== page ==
Grey Wizard
Grey Wizard

Machine Learning in cybersecurity

Owing to technologies which allow for large volume data storage and analysis, companies are able to fulfil tasks which so far have been impossible. Such tasks include widely understood network security, also detecting hazards and attacks.

In the past, such activities were performed only by qualified analysts of network security by monitoring data and creating proper rules for detecting attacks. However, as the size of network data grows, there are more causes for which experts become less and less effective:

1.the growing number of network devices causes that analysts are not able to monitor an increasing quantity of incoming data in the search for hazards;

2.in order to monitor more data, it is necessary to employ more analysts, what in connection with a shortage of qualified personnel is an increasing cost for a company;

3.attacks are becoming more common and cause significant losses – according to Lloyd's insurance company, they cost USD 400 000 000 000 annually;

4.a delay between detecting a hazard and taking actions, in the event of manual monitoring, is high – until an action is taken, there might already be considerable damage in the system;

5.manually created hazard detection rules skip attacks which do not match such rules.

These problems are now solved by systems based on machine learning.

How does Machine Learning work?

Widely speaking, machine learning refers to a series of techniques where, based on historical data, an algorithm solving a given problem is trained. For instance, detecting cats in photos.

While preparing data correctly (manually tagged photos as “a cat” and “not a cat”) with which machine learning algorithm is supplied, it is possible to create a solution which can effectively detect (classify) whether on new photos coming to the system there are cats. In such a manner, based on historical data, it is possible to anticipate a class of a future incident.

The popular application of machine learning is voice recognition, fraud detecting, anti-spam filters, text processing, product recommendations, video analysis and many others. Machine learning has also been used lately in the field of network security. Since simple tasks are now fulfilled by robots and artificial intelligence, is it possible that only algorithms are responsible for such a complex task as cybersecurity?

This issue is discussed by network experts presenting arguments for and against. At the same time, companies are looking for methods of introducing machine learning as another technology in their anti-cybercrime measures.

Machine Learning in cybersecurity

Currently, the majority of cybersecurity systems based on machine learning is used as a warning system detecting abnormalities in the regular network traffic. As part of this approach, historical data are used in order to learn an algorithm how correct network traffic looks like and label everything what deviates from a standard.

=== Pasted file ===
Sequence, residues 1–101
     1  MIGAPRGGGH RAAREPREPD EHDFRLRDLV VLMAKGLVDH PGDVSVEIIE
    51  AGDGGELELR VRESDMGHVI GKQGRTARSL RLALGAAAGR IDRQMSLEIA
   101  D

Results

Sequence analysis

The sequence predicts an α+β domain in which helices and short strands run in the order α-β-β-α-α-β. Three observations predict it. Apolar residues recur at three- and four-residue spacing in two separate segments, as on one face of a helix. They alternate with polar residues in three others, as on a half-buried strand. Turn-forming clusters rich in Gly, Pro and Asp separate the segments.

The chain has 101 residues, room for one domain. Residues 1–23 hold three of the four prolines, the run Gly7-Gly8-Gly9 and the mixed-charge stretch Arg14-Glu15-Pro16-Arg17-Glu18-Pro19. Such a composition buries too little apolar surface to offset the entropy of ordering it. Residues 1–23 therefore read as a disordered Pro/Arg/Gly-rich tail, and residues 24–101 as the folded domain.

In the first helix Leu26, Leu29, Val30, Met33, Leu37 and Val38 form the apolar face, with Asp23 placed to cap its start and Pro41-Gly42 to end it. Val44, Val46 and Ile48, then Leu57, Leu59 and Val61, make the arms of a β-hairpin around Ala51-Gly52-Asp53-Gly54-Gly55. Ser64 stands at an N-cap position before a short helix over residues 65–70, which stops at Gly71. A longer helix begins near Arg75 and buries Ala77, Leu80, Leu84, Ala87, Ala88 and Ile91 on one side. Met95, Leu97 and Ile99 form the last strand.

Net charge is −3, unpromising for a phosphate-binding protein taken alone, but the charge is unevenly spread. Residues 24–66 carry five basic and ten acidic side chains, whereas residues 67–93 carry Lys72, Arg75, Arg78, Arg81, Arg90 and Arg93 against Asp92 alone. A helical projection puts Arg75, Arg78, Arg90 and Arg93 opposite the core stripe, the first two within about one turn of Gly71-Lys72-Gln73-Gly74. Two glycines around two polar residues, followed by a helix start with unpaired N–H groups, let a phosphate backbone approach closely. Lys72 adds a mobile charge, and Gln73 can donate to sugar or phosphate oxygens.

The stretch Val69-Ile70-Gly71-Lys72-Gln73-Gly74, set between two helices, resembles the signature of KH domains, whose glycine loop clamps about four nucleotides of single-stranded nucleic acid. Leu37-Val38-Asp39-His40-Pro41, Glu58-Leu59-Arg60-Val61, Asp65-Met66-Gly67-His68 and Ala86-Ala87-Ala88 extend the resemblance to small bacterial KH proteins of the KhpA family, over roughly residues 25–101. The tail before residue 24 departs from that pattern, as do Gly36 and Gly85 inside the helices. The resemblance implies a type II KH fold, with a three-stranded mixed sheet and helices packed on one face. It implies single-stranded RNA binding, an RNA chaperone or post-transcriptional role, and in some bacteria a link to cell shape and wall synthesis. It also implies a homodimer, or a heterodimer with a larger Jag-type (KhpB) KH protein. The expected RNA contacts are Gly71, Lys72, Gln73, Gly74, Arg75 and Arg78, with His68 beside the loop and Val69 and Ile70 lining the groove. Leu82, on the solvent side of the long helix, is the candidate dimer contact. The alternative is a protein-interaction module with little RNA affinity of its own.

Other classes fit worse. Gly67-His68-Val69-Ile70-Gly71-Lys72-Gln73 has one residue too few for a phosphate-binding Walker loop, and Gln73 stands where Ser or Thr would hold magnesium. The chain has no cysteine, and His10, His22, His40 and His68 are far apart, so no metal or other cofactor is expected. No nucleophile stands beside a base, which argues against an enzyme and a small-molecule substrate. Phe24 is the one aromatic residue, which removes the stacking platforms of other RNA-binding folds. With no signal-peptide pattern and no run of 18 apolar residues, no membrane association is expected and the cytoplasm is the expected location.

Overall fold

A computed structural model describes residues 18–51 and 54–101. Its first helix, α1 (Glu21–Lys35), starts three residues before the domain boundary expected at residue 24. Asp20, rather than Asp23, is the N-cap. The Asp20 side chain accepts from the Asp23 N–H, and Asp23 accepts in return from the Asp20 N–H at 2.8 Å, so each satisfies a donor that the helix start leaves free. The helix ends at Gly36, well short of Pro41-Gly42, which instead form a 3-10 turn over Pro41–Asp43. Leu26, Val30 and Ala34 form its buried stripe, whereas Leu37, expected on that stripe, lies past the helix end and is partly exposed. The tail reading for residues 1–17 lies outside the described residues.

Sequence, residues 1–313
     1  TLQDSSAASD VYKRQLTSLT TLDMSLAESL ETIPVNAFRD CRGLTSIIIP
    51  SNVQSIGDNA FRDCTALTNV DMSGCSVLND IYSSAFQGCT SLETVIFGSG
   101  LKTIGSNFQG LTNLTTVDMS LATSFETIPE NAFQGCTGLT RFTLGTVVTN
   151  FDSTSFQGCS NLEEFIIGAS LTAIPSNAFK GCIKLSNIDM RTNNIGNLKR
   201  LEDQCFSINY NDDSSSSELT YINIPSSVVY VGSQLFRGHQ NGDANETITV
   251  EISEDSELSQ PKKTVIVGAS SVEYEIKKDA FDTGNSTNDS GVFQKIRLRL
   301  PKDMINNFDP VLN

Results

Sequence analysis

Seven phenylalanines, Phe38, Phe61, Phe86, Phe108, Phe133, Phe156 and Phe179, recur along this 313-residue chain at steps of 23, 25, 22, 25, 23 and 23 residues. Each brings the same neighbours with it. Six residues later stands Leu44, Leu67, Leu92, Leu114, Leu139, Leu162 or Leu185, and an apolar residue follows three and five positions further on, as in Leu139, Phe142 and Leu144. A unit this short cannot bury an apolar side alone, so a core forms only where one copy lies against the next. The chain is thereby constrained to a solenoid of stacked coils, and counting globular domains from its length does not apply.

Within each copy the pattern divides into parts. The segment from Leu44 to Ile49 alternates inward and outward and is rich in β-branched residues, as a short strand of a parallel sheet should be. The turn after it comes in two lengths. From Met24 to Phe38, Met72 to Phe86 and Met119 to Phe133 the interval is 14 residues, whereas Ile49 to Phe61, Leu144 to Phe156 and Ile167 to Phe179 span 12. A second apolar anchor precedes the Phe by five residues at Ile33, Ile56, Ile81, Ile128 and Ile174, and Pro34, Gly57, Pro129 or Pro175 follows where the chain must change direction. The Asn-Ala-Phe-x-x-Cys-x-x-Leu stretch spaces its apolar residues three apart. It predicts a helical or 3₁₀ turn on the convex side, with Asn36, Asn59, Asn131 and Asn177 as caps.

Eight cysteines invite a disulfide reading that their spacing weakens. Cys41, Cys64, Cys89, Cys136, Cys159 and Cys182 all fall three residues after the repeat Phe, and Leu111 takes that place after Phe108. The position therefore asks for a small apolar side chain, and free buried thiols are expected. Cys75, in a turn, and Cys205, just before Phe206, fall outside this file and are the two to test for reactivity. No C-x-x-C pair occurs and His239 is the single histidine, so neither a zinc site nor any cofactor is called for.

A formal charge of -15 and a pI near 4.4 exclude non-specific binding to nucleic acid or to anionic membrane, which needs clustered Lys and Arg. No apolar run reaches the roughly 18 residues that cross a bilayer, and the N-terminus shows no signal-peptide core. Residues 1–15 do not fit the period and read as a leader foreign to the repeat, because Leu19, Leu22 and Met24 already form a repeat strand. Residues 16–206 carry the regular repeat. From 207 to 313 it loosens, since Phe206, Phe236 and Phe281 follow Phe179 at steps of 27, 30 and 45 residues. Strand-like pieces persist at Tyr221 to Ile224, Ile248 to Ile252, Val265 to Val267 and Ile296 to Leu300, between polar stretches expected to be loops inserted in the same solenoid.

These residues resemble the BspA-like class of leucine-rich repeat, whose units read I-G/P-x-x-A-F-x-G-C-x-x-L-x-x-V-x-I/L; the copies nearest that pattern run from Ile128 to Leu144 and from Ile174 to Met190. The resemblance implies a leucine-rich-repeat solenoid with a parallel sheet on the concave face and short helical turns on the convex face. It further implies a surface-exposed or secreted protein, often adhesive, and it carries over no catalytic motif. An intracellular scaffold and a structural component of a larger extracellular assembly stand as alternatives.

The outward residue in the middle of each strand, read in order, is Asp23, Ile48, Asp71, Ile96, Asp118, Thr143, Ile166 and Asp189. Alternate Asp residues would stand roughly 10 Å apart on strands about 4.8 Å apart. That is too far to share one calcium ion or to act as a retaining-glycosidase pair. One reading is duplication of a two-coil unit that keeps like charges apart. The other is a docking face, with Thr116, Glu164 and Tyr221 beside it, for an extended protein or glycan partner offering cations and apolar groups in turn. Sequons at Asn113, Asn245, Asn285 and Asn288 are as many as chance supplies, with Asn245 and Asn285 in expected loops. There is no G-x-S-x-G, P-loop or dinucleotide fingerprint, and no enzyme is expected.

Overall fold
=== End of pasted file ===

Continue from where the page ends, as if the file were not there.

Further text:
The faster such abnormalities are identified, the faster prospective hazards may be prevented and neutralised.

A main argument against such solutions is too many false alarms which must be analysed by experts. Such an unnecessary activity of analysts frequently results in the drop of trust in the system.

On the other hand, the number of generated network data exceeds the possibilities of analysing by people. The fact that neither experts nor automatic solutions are ideal resulted in solutions where artificial intelligence is aided by professionals.

An example here is the system called AI2 created in CSAIL MIT laboratory. This system analyses dozens of millions of logos every day, separating abnormalities and suspected incidents.

Then, they are handed over to experts which manually label real hazards and reject system mistakes. With time, the system, owing to information from analysts, learns to detect real attacks more effectively, at the same time decreasing the level of false alarms.

Detecting attacks

Owing to such an approach, experts have to analyse about 100-200 incidents a day, whereas earlier those were dozens of thousands of such incidents. A team responsible for AI2 proved that such an approach is capable of detecting 85% attacks with a considerable reduction in the number of false alarms.

Despite these successes, it is too early to tell whether security experts can be replaced by solutions completely basing on artificial intelligence. It may be predicted that in the future computers will play a more and more significant role in this process.

Currently, though, these are the joint efforts of people and machine learning algorithms which bring in the best results against cybercriminals. Yet, it does not mean that there will be a dropping tendency in hazards. Attackers are patient and careful in searching for system loopholes; they create and develop more and more advanced attack methods, also making use of machine learning.

There is a possible scenario for the future that most attacks will be aided by artificial intelligence and protection will consist in creating a better algorithm than a cybercriminal.

Andrzej Prałat
Grey Wizard
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